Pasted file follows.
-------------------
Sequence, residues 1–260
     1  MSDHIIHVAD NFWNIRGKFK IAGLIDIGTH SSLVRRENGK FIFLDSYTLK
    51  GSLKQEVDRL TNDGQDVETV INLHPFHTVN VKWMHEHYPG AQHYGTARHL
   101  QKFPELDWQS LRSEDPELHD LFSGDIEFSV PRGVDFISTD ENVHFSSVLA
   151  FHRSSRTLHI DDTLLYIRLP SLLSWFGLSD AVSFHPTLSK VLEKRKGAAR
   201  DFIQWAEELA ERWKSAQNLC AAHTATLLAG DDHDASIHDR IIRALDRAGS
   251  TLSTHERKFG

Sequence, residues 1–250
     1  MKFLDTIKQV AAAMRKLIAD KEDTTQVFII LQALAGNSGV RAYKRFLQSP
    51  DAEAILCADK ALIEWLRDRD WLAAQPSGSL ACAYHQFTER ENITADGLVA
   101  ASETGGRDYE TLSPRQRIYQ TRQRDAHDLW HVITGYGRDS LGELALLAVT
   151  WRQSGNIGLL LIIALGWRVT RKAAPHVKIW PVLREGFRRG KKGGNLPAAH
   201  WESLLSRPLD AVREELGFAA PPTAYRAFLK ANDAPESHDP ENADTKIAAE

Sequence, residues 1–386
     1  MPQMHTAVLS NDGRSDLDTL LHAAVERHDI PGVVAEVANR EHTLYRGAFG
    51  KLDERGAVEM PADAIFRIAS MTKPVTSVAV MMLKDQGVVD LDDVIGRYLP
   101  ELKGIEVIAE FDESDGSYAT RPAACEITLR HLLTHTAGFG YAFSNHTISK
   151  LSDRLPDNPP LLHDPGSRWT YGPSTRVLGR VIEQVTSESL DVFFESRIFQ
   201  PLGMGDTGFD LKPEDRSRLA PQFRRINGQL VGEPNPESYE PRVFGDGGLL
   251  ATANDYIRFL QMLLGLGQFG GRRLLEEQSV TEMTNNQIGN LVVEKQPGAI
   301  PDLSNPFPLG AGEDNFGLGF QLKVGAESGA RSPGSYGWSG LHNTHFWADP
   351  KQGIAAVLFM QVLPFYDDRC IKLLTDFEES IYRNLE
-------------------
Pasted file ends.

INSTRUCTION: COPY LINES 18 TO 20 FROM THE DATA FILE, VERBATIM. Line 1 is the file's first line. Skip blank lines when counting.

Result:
   151  LSDRLPDNPP LLHDPGSRWT YGPSTRVLGR VIEQVTSESL DVFFESRIFQ
   201  PLGMGDTGFD LKPEDRSRLA PQFRRINGQL VGEPNPESYE PRVFGDGGLL
   251  ATANDYIRFL QMLLGLGQFG GRRLLEEQSV TEMTNNQIGN LVVEKQPGAI